Monthly Archives:: December 2007

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End of Reading Year Countdown: #4 of 2007

December 31, 2007 Book Reviews, Books 5

13697402.jpgEclipse
By Stephenie Meyer

Twilight it was not, but I found Eclipse to still be quite thrilling. I just can’t get enough of the love triangle of Bella, Edward and Jacob.  Edward is so sexy with his smoldering, yet cold, aristocratic-ness.  And on MY, how hot is Jacob?  I think what I love most about these books is how it takes me back to all the turmoil of the teenage years…how you’ll just DIE without so-and-so, how you just won’t be able to LIVE without him/her…and remind me of just how GLAD I am that those years are long gone for me!  Of course, the whole dying-to-be-with-him is taken to a whole other level here with Bella and Edward.  And I have to admit though, I now find myself torn between Edward and Jacob more than ever.  Thank goodness I’m not Bella!  I’m looking forward to more of this series. 

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End of Reading Year Countdown: #5 of 2007

December 30, 2007 Book Reviews, Books 4

anthony_bourdain3.jpgAnthony Bourdain

I’m going to cheat a bit (it won’t be the last time) and count two books here.  I read both Kitchen Confidential and A Cook’s Tour this year, both by Mr. Bourdain, and greatly enjoyed each.  Kitchen Confidential was a fascinating look at what goes on behind the scenes in the restaurant and what it takes to become a chef. 

Recently the Food Network began showing the series “A Cook’s Tour” again and it reminded me just how much I loved that books.  I love food and I love travel and A Cook’s Tour brings both together in such a great way. 

Which reminds me, as a side note, I read that Anthony quit smoking because of the birth of his daughter.  If you’ve read the books or seen the shows, surely you know he smoked like a freight train.  I’m so impressed that he quit!

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2008 Short Story Challenge

December 29, 2007 Books, Reading Challenges 2

rc400.jpgKate S., over at Kate’s Book Blog, has proposed a challenge to read more short stories next year.  As I was already planning out a list of short story authors I wanted to read next year, I’m definitely joining this one!  She has several different options with her challenge and I think I’m going to do option 3.  I will try to read 5 different author collections.  AND I’m going to try to do it from books I already own.  So, without further ado…my list!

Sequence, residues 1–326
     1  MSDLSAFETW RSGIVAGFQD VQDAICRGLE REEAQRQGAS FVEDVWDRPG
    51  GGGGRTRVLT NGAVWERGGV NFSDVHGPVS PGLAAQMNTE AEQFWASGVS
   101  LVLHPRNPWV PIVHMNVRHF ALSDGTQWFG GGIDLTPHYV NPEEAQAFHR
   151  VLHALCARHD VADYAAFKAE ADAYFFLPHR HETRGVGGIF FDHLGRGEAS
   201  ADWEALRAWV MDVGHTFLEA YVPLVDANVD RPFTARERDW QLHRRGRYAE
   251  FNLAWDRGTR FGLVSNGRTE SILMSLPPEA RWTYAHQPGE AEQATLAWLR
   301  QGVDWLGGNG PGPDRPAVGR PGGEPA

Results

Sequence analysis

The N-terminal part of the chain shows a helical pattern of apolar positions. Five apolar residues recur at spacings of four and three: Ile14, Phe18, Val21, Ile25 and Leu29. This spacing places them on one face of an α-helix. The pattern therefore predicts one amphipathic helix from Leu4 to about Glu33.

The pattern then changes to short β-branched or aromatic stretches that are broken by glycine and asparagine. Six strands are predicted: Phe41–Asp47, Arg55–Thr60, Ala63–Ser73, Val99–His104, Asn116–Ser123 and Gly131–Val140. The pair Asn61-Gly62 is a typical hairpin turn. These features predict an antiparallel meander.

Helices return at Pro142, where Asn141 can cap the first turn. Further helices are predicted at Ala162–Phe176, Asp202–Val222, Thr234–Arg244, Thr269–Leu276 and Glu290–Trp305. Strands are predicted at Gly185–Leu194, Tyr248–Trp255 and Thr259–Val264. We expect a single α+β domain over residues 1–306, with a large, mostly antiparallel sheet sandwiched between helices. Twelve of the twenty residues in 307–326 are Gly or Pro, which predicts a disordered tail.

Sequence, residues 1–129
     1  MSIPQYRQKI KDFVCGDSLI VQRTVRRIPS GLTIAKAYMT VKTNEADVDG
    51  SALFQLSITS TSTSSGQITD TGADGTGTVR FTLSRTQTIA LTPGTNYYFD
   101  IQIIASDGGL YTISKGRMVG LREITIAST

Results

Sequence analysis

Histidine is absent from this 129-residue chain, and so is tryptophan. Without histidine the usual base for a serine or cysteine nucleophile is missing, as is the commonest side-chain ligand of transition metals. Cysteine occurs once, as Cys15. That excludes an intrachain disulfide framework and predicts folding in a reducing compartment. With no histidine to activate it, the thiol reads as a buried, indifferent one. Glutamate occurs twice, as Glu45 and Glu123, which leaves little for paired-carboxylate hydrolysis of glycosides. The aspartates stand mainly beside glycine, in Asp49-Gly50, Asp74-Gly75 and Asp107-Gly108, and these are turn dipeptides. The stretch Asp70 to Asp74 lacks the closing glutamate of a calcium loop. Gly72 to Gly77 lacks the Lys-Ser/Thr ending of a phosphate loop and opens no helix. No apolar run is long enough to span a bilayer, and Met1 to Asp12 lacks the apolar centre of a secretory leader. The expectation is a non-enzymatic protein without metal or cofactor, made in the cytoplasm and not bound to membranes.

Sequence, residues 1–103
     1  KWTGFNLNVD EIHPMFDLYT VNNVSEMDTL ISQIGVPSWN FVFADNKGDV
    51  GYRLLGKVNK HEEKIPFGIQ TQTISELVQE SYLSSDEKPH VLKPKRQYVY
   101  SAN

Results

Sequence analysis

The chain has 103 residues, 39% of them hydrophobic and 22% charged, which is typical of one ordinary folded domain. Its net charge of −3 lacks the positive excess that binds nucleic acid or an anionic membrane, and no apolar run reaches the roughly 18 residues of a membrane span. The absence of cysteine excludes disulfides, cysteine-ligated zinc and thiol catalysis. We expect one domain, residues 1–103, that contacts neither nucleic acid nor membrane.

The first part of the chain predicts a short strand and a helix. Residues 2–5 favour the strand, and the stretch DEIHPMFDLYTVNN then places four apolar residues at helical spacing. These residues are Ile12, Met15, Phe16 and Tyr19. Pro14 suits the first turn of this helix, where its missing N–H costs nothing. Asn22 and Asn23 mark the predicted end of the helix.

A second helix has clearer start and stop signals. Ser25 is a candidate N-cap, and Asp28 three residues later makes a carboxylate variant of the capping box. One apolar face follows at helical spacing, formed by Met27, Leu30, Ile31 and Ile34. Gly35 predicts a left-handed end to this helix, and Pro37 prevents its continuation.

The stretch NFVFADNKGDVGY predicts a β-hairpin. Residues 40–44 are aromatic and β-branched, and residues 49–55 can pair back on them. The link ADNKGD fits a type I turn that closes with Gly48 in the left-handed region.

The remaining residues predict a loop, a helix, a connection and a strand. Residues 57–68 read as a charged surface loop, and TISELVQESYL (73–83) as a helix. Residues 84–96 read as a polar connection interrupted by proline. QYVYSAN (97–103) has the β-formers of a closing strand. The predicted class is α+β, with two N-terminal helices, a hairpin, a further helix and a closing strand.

1. The Collected Stories of Eudora Welty
  2. Burning Your Boats: The Collected Short Stories by Angela Carter
  3. The Collected Works of Flannery O’Connor
  4. Waifs and Strays by Charles de Lint
  5. The Collected Stories of Ernest Hemingway

Of course, I reserve the right to substitute at will :)  And who knows, I may add more! 

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End of Reading Year Countdown: #6 of 2007

December 27, 2007 Book Reviews, Books 3

eatpray.jpgeat, pray, love by Elizabeth Gilbert

It wasn’t too long ago that I was singing the praises of this book.   Gilbert is such a fun and interesting woman.  Her travels to Italy will make you hungry.  Her travels to India will make you want to stay quiet and listen to the world around you.  And her travels to Indonesia will make you want to have fun and learn about yourself and discover new friends.  The book as a whole will make you want to travel and see the world.  As the subtitle says, it is about a woman’s search for everything and I think she finds it.

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All I Want For Christmas…

December 24, 2007 Books 6

Saw this on a livejournal blog and just had to steal…

For fun, and since it’s the holidays, list (in any order you want) ten things you want from any (fiction) book that you’ve read.

What can go on the list: Characters, character traits, objects that are NOT found in everyday life like brand names, character abilities, a specific world, anything is up for grabs. What can’t: Real world brand name stuff (Brand name dress worn by CHARACTER to prom/dance/wedding/special event = no. Scarlet’s dress that she made out of curtains? Yes. Ordinary Mercedes Benz owned by male character = no. Flying car = yes.).